Why?

Sure, if you’re dead, it may not matter to you if someone steals your identity and racks up bills that will never be paid.

It’s not that simple.

If the deceased person shares credit lines or bank accounts with a still-living spouse or other family member, the survivor could be in for a big headache if the deceased’s identity is stolen.

Plus, scammers who walk out on loans, credit cards and lines of credit eventually pass those unpaid bills on to consumers with higher costs for everyone.

And when the IRS pays a fake refund for a phony tax return, our government, and us, by extension, have money swiped from our collective wallets.

So if you lose a family member, make sure you get the word out.

First, report the death to the Social Security Administration at 800-772-1213. This will also stop any benefits the deceased was receiving. You sure don’t want to have Social Security coming after you for wrongly paid benefits.

Next, inform the IRS at 800-829-1040.

Then, call the state’s Motor Vehicles Commission at 609-292-6500, so no one can try to get a license in your loved one’s name.

All these agencies will require a death certificate, too.

“Contact all creditors that the deceased person(s) did business with and request that they mark their files accordingly, said Clifton O’Neal, a Trans Union spokesman. “Be sure to forward a copy of the death certificate, once you receive it.”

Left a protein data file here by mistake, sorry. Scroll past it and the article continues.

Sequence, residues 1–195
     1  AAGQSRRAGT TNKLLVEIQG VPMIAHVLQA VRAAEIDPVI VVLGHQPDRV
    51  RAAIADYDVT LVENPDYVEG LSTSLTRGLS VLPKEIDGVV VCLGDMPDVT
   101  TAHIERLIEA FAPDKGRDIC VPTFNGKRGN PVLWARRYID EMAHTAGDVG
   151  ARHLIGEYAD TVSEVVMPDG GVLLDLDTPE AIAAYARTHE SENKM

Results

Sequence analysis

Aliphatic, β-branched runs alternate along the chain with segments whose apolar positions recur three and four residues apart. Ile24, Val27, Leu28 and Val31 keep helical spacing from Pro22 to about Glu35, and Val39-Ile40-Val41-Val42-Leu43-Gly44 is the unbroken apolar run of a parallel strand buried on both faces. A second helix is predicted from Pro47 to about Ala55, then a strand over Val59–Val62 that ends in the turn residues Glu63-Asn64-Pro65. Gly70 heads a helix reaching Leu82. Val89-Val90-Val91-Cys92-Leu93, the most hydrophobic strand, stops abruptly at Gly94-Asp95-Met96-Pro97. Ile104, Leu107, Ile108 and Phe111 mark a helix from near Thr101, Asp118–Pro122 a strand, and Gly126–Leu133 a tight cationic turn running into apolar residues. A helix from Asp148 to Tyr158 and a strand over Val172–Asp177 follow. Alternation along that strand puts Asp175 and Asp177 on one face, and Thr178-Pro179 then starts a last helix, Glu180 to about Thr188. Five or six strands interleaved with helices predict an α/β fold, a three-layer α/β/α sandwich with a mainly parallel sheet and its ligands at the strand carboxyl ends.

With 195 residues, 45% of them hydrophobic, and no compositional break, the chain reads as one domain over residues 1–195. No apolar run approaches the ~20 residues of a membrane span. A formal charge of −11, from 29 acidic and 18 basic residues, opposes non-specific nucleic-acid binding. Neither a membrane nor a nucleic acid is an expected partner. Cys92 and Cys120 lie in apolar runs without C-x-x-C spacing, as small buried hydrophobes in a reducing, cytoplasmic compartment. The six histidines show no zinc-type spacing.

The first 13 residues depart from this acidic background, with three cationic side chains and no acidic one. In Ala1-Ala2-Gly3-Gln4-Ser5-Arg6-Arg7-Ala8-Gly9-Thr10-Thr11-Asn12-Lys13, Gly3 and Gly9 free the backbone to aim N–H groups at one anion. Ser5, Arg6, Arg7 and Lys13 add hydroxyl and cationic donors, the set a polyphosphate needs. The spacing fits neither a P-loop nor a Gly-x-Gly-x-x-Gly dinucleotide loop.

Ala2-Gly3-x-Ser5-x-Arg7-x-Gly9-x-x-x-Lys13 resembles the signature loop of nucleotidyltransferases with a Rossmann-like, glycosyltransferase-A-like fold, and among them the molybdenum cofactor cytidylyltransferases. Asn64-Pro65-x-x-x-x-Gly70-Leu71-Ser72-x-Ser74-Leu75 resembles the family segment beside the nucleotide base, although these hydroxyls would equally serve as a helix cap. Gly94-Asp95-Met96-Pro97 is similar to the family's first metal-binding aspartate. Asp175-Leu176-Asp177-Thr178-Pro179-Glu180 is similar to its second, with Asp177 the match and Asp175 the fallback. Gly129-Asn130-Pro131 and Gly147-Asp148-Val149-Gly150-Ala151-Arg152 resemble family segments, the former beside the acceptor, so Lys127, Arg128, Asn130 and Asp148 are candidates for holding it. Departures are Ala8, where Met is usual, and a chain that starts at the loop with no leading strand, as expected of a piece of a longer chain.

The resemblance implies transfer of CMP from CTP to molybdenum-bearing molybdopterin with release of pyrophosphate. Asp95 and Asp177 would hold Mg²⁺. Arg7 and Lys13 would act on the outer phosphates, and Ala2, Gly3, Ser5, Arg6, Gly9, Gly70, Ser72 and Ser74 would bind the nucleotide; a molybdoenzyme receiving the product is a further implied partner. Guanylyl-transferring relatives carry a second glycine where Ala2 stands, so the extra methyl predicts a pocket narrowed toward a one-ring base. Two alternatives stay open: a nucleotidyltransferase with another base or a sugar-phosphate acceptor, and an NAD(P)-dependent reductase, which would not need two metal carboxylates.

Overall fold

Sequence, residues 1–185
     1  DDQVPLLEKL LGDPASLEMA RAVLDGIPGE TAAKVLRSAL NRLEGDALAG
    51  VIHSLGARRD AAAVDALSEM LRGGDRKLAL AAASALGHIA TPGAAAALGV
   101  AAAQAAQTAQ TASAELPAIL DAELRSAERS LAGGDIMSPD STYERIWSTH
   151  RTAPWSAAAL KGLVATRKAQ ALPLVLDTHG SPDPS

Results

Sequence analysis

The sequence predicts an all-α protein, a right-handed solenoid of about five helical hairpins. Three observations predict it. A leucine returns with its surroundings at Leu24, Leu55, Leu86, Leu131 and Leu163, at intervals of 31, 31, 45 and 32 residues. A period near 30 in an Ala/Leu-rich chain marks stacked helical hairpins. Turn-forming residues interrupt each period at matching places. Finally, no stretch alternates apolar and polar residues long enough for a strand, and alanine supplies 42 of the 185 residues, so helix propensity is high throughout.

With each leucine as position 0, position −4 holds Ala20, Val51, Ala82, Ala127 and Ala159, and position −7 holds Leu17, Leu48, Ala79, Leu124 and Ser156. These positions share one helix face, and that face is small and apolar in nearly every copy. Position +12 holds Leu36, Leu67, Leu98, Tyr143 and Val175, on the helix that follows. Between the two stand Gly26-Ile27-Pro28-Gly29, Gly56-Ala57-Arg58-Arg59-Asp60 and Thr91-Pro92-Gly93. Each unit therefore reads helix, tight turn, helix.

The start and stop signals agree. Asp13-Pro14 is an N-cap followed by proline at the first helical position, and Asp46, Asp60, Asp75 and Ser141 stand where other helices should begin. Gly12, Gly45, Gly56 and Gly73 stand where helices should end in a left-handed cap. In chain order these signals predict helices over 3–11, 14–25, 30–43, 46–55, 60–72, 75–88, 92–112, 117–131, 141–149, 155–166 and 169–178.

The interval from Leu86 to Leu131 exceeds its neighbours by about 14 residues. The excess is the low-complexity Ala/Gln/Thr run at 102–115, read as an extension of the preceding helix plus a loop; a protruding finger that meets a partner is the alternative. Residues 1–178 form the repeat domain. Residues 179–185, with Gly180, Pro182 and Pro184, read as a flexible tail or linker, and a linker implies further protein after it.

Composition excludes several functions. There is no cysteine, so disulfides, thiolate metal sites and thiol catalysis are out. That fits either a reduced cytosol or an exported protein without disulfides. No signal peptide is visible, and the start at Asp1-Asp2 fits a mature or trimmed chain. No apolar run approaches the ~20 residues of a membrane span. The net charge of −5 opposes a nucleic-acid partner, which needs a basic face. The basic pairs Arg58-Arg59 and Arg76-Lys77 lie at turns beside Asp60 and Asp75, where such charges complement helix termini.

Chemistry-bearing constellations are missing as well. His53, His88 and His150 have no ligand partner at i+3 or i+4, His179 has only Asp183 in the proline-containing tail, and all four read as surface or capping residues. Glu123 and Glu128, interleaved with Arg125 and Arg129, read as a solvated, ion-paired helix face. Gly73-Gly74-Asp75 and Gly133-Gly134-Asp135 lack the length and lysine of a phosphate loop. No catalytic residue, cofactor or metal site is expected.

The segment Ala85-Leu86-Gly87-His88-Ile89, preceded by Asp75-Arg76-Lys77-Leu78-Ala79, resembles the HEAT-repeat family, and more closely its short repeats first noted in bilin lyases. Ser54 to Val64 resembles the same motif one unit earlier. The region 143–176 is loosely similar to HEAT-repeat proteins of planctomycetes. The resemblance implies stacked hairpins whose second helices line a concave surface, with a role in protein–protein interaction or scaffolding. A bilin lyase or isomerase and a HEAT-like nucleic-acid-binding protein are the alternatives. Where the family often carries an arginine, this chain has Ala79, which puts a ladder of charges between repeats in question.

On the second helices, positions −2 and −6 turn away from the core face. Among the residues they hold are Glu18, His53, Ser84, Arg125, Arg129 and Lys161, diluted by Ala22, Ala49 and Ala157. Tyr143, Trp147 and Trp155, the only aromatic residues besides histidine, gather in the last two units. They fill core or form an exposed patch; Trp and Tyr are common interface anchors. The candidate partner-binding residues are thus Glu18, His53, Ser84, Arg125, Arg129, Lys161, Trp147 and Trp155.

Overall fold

Same goes for all of the deceased’s bank and investment accounts.

Then, contact the three major credit bureaus — Equifax at 1-800-525-6285; Experian at 1-888-397-3742, and; TransUnion at 1-800-680-7289. Each agency will ask you for a copy of the death certificate.

“The scams we most often see after the death of a family member involve stealing and misusing Social Security numbers to gain access to credit,” said Meredith Griffanti, an Equifax spokeswoman. “In terms of fraud, misuse of the deceased’s existing open lines of credit can take time and be costly to discover and fix.”

To prevent this, she recommends you notify credit reporting agencies of the death, and place a security freeze and a fraud alert on the account.

“Additionally, if your family member has a monitoring product that needs to be cancelled, please include that request as well,” said Meredith Griffanti, an Equifax spokeswoman.

Experian said it doesn’t close or delete a credit file immediately after a person dies. Instead, the file will be “flagged” to indicate the individual is deceased.

“Doing so is important because it actually helps prevent using the deceased’s identity to commit fraud,” said spokeswoman Jelsey Stagner. “If someone were to try to use the dead person’s identity to apply for credit, the lender would receive a `deceased indicator’ and would be able to stop the transaction and take appropriate action.”

She said if Experian deleted the credit file, the identity thief would have a better chance of success because there would be nothing to report to the lender.

Accounts with the “deceased indicator” will be deleted after one year, she said.

Then for a few months after the person’s death, check their credit reports for free at AnnualCreditReport.com to make sure there’s no suspicious stuff going on.

Have you been Bamboozled? Reach Karin Price Mueller at Bamboozled@NJAdvanceMedia.com. Follow her on Twitter @KPMueller. Find Bamboozled on Facebook. Mueller is also the founder of NJMoneyHelp.com.